Killer of Sheep
Maine film buffs have it tough. We travel an hour to Portsmouth to see the year’s most popular foreign film — South Korean monster movie The Host — because our theaters are busy processing a backlog of staid, anonymous foreign films. We wait upwards of five months for films by our greatest auteurs to arrive at our arthouses; they’re released on DVD weeks later. But we travel, we wait, and every summer Waterville’s Maine International Film Festival puts us briefly, tantalizingly ahead of the curve with features cobbled from both local filmmakers and the world’s most prestigious festivals.
Last year, MIFF 9 hosted the regional premieres for some of 2006’s most-praised films: the Oscar-nominated Little Miss Sunshine and Half Nelson, and Kelly Reichart’s sublime Old Joy. At MIFF 10, actor/director Bud Cort — beloved as Harold and Maude’s titular pyromaniac — joins Terrence Malick and Peter Fonda as Mid-Life Achievement Award honorees. He’ll be in Waterville to receive his award at a July 21 screening of the subversive 1972 comedy, part of a career retrospective. Also receiving oeuvre treatment are Jacques Rivette — the most overlooked of the French New Wave auteurs — and Taiwanese festival-circuit favorite Lin Cheng-Sheng, who will be honored at a reception on July 14.
MIFF screenings are held from July 13 to 22 at the 900-seat Waterville Opera House, Railroad Square Cinema, and the Maine Film Office Theater. Advance tickets ($8-10) and multi-show passes ($50-150) are available at the festival Web site, www.miff.org. Consult film listings this week and next for a complete rundown of the schedule; for now, here’s a pre-emptive top ten list of films you shouldn’t miss.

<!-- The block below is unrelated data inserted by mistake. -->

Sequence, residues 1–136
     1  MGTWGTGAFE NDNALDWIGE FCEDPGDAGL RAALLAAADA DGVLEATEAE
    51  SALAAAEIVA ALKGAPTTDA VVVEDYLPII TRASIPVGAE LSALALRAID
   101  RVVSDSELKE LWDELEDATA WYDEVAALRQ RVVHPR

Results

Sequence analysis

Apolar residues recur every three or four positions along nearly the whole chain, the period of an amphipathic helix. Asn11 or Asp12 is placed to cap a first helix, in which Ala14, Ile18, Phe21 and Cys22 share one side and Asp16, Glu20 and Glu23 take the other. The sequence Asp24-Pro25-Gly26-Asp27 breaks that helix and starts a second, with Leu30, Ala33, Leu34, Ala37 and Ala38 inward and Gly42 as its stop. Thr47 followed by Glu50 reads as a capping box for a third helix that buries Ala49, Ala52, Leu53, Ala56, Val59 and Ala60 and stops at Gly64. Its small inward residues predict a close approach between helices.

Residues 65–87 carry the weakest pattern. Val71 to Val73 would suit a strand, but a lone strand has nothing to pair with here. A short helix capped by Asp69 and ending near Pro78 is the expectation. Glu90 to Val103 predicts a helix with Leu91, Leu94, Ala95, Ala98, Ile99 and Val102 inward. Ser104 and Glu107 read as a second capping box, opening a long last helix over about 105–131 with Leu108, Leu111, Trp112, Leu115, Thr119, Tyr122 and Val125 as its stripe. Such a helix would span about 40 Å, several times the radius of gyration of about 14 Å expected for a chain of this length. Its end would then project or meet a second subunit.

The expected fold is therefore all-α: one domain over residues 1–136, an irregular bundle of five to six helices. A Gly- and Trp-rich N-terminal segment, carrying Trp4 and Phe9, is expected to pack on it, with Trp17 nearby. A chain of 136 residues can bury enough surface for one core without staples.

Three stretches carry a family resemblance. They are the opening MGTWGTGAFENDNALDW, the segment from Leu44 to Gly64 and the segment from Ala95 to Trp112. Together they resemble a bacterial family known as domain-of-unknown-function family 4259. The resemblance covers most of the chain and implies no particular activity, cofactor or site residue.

10)The Ten — David Wain’s first film since the summer-camp cult comedy Wet Hot American Summer is a mixed bag of ten interconnected short films, each based around one of the Ten Commandments. Worthwhile for a great cast (Winona Ryder, Paul Rudd) and a few classic bits, including one about a doctor who kills a patient and defends it — in court — as “a goof.”
9) C.R.A.Z.Y. — A smash in its native Quebec, the French-language coming-out dramedy about a boy coming to terms with his sexuality and homophobic family in the 1960s/’70s has been widely praised for its soundtrack, buoyancy, and eye for period detail.
8) Noise— Australian director Matthew Saville’s debut feature, a psychological drama about a cop with tinnitus (represented accurately in the film’s sound design) who counsels witnesses after a bloody public massacre.
7) Four Minutes — A well-executed hokey setup, Chris Kraus’s film is about a pianist (Monica Bleibtreu, of the Oscar-winning The Lives of Others) who provides lessons to a sullen inmate in a woman’s prison. Winner of German Oscars for Outstanding Feature and Best Actress last year.
6) Celine and Julie Go Boating — At 192 minutes, this 1974 film is one of the longest of Jacques Rivette’s notoriously “patient” features, but it’s also considered his best. The lighthearted but abstract presentation of two women’s friendship is considered a forebear to the dream logic on display in David Lynch’s recent work.
5) Exiled— Along with South Korea’s Park Chan-wook (of the Virginia Tech controversy-magnet Oldboy), Hong Kong’s Johnny To is Asia’s pre-eminent maker of ultra-violent, hipper-than-thou action flicks. His latest is an homage to the original bloodbath classic, Sam Peckinpah’s The Wild Bunch.